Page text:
Toward A Healthy Response to Hate

2 Corinthians 5:17-19

“Therefore, if anyone is in Christ, he is a new creation. The old has passed away; behold, the new has come. All this is from God, who through Christ reconciled us to himself and gave us the ministry of reconciliation; that is, in Christ God was reconciling the world to himself, not counting their trespasses against them, and entrusting to us the message of reconciliation.”

A lot has been happening in the world lately. Maybe like me, you are asking the question, “What’s my response supposed to be to what’s happening? Is a verbal condemnation enough or am I supposed to do more? If I am supposed to do more, what can I really do to change things?” That has led me to search for healthy responses to hate.

To help guide me I have been diving into the scriptures and into the words of Black Theologians and ministers. The Black author and social activist, John Perkins has offered some guidance in his work, Dream With Me: Race, Love, and the Struggle We Must Win. Much of what I want to say comes from John Perkins.

The world has always known hate. At least since sin came into this world, we have been plagued by it. But we want a community without hate, but what does that look like? If we wanted a community founded in the life of Jesus, what does that look like?

My suggestion is that this is what healthy church is; it is an assembly of believers who have been transformed and no longer live according to the hate, sinful desires, and racism in the world. Faithfulness to Jesus requires good neighborliness. This is the second greatest command.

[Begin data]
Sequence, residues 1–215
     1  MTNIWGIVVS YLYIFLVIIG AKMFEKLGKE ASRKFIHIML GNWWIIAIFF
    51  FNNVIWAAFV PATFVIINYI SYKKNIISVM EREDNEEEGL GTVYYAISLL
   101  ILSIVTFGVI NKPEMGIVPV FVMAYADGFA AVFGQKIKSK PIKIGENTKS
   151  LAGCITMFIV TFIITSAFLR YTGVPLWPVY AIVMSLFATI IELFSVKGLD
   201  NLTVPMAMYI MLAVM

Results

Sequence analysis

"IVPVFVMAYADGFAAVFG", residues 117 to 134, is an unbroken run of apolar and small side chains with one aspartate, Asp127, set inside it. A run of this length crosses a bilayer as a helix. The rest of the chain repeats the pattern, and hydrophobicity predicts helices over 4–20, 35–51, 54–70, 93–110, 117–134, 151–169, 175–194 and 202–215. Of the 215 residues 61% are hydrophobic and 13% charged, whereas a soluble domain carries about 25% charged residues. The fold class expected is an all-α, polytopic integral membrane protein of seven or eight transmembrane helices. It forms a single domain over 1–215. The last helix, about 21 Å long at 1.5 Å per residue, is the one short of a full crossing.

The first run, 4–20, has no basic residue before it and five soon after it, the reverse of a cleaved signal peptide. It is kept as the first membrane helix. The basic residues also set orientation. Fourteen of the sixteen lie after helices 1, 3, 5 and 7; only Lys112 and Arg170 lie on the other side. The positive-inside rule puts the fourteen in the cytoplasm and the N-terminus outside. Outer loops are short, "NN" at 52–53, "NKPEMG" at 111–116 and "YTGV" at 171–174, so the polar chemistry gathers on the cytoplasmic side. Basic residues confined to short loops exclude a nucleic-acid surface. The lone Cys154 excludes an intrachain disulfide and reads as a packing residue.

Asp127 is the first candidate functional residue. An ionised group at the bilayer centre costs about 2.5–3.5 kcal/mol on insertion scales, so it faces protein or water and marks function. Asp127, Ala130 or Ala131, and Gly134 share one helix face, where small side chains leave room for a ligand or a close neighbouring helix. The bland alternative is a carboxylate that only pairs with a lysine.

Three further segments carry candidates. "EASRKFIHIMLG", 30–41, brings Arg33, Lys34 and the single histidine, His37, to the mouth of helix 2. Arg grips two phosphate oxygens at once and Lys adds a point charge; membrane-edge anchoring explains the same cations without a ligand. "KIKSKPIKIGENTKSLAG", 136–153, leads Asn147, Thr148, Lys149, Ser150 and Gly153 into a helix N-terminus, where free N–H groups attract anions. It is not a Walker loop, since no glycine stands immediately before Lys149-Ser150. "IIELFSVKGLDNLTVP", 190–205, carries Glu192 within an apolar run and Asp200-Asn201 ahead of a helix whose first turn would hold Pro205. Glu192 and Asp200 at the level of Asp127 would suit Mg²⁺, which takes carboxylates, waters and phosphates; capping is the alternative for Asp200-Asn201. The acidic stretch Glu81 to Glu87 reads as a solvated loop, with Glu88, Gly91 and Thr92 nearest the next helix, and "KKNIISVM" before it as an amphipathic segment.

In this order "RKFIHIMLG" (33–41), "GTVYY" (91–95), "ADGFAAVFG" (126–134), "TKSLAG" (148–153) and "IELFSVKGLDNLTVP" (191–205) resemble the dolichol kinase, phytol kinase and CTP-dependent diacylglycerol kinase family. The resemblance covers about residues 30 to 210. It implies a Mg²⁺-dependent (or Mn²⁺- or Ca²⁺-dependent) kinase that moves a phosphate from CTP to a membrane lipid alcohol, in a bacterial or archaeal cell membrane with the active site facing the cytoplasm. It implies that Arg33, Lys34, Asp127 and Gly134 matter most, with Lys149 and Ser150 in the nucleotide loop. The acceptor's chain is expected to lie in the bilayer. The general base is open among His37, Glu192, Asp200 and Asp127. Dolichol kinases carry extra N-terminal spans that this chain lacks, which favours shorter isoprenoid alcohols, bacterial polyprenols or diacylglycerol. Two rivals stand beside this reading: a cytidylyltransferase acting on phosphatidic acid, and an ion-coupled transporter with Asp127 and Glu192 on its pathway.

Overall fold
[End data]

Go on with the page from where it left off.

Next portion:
Racism, Hatred, Maliciousness, is antithetical to neighborliness. They are mutually incompatible. In a post recently on FB someone said, that all of this fighting against racism was distracting people from the mission of the Gospel. I could not be more disappointed that one of my brothers in Christ has missed how fighting hate is part of the gospel message. The Jews hated Samarians so much that many Jews would not even walk through their country. Instead, they would walk around it. From Judea to Galilee was a straight walk through Samaria but these people refused to have contact with those people. It’s no wonder that Jesus talks to the Samaritan woman at the well, healed a Samaritan leper, made a Parable about a Good Samaritan. Jesus is bringing the world together.

Galatians 3:27-28

“For as many of you as were baptized into Christ have put on Christ. 28 There is neither Jew nor Greek, there is neither slave nor free, there is no male and female, for you are all one in Christ Jesus.”

So what is it we can do to put action to our words? John Perkins suggests three biblical ideas.


In a way, our congregation is founded on this first principle because people relocated in order to bring the gospel to Burlington and Billerica. They followed Jesus not by visiting our area but becoming neighbors and living in Burlington. Just like how Jesus “became flesh and dwelt among us.” (John 1:14)

Relocation means embracing God’s calling to live in a community. To embody Jesus’ act of dwelling among us we have to dwell or involve ourselves in our community. That means, knowing our neighbors, learning about the issues they confront daily, and knowing their hurts.

I have often thought of myself as a voice to the voiceless but that can be patronizing and imperialistic. People don’t need others to speak for them; they need people to start listening. They need avenues for people outside their community to hear them.